Ethnic Armenian officials reported at least two civilians were killed and 23 wounded when Azerbaijan’s forces opened fire on Tuesday on Armenian positions in the Nagorno-Karabakh region in what it called an “anti-terrorist operation”.
Azerbaijan’s authorities also accused Armenian forces of killing a civilian, which brought the civilian death toll of Tuesday’s hostilities to at least three.
The Azerbaijani defence ministry announced the start of the operation hours after four soldiers and two civilians died in landmine explosions in the Nagorno-Karabakh region.
The reports raised concerns that a full-scale war over the region could resume between Azerbaijan and Armenia, which fought heavily for six weeks in 2020.
The ministry did not immediately give details, but said frontline positions and military assets of Armenia’s armed forces were being “incapacitated using high-precision weapons”, and that only legitimate military targets were attacked.
Armenia’s Foreign Ministry, however, denied that the country’s weapons or troops were present in Nagorno-Karabakh and called “all rumours” about sabotage and planting landmines in the region “a lie and fabricated”.
Ethnic Armenian officials in Nagorno-Karabakh said in a statement that the region’s capital Stepanakert and other villages were “under intense shelling”.
Nagorno-Karabakh human rights ombudsman Geghan Stepanyan said two people were killed in the firing — including one child — and 23 were wounded. At least eight of those injured also are children, according to Mr Stepanyan.
The Azerbaijani Prosecutor General’s Office said on Tuesday that Armenian forces fired at Shusha, a city in Nagorno-Karabakh under Azerbaijan’s control, from large-calibre weapons, and one civilian was killed there as a result.
Although Azerbaijan said the operation was limited to military targets, the defence ministry said that “humanitarian corridors” had been created for “the evacuation of the population from the danger zone”.
Thomas de Waal, a senior fellow at the Carnegie Europe think tank, said the military operation may be part of a plan by Azerbaijan President Ilham Aliyev to get ethnic Armenians to leave the area.
“Maybe what we’re looking at, and again, it’s very early to say, is a kind of limited military action which will try to coerce thousands of Armenians to flee to Armenia. And then Aliyev can achieve his objective of taking over Karabakh with not so much bloodshed,” Mr de Waal told The Associated Press.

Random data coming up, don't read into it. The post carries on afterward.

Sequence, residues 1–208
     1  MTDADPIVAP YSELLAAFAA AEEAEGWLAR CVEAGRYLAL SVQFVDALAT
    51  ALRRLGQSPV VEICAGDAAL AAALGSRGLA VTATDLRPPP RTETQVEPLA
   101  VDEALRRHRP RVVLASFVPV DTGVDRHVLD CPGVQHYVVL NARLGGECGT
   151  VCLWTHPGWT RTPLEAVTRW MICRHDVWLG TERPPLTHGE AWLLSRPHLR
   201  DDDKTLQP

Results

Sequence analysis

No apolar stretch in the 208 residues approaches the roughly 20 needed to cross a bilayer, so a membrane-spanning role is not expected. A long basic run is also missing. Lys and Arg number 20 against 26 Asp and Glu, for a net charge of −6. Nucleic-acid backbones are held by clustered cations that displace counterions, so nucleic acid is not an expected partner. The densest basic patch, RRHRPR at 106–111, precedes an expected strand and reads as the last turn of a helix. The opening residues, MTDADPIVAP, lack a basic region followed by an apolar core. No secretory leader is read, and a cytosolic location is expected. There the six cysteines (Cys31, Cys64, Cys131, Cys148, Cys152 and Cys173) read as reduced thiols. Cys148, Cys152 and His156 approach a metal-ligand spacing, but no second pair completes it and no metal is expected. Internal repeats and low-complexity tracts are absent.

Earlier on Tuesday, Azerbaijan said six people were killed in two separate explosions in the region that is partly under the control of ethnic Armenian forces.
A statement from Azerbaijan’s interior ministry, state security service and prosecutor-general said two employees of the highway department died before dawn when their vehicle was blown up by a mine and that a truckload of soldiers responding to the incident hit another mine, killing four.
Nagorno-Karabakh and sizable surrounding territories were under ethnic Armenian control since the 1994 end of a separatist war, but Azerbaijan regained the territories and parts of Nagorno-Karabakh itself in a six-week war in 2020. That war ended with an armistice that placed a Russian peacekeeper contingent in Nagorno-Karabakh.
However, Azerbaijan alleges that Armenia has smuggled in weapons since then. The claims led to a blockade of the road connecting Nagorno-Karabakh to Armenia, causing severe food and medicine shortages in the region.
Red Cross shipments of flour and medical supplies reached Nagorno-Karabakh on Monday, but local officials said road connections to the region were not fully open.
The hostilities come amid high tensions between Armenia and its longtime ally Russia. Armenia has repeatedly complained that the 2,000-strong Russian peacekeeping force was unable or unwilling to keep the road to Armenia open even though that duty was stipulated in the agreement that ended the 2020 war.
Armenia also angered Russia, which maintains a military base in the country, by holding military exercises with the US this month and by moving toward ratifying the Rome Convention that created the International Criminal Court, which has indicted Russian President Vladimir Putin.
Russian Foreign Ministry spokeswoman Maria Zakharova on Tuesday denied claims that Russia was informed in advance of Azerbaijan’s intention to mount the operation, saying the peacekeepers were notified only “a few minutes” before it began.
Analyst Mr de Waal said that the Russian peacekeeping force “has lost probably its best officers to the war in Ukraine” but that “this breakdown in Armenia-Russian relations is a factor here”.
“I think it encourages Azerbaijan to be bolder and it makes the Russians more ambiguous and less willing to to intervene. And, you know, it’s quite possible indeed, that the Russians want to use a crisis to instigate regime change in Armenia,” he said.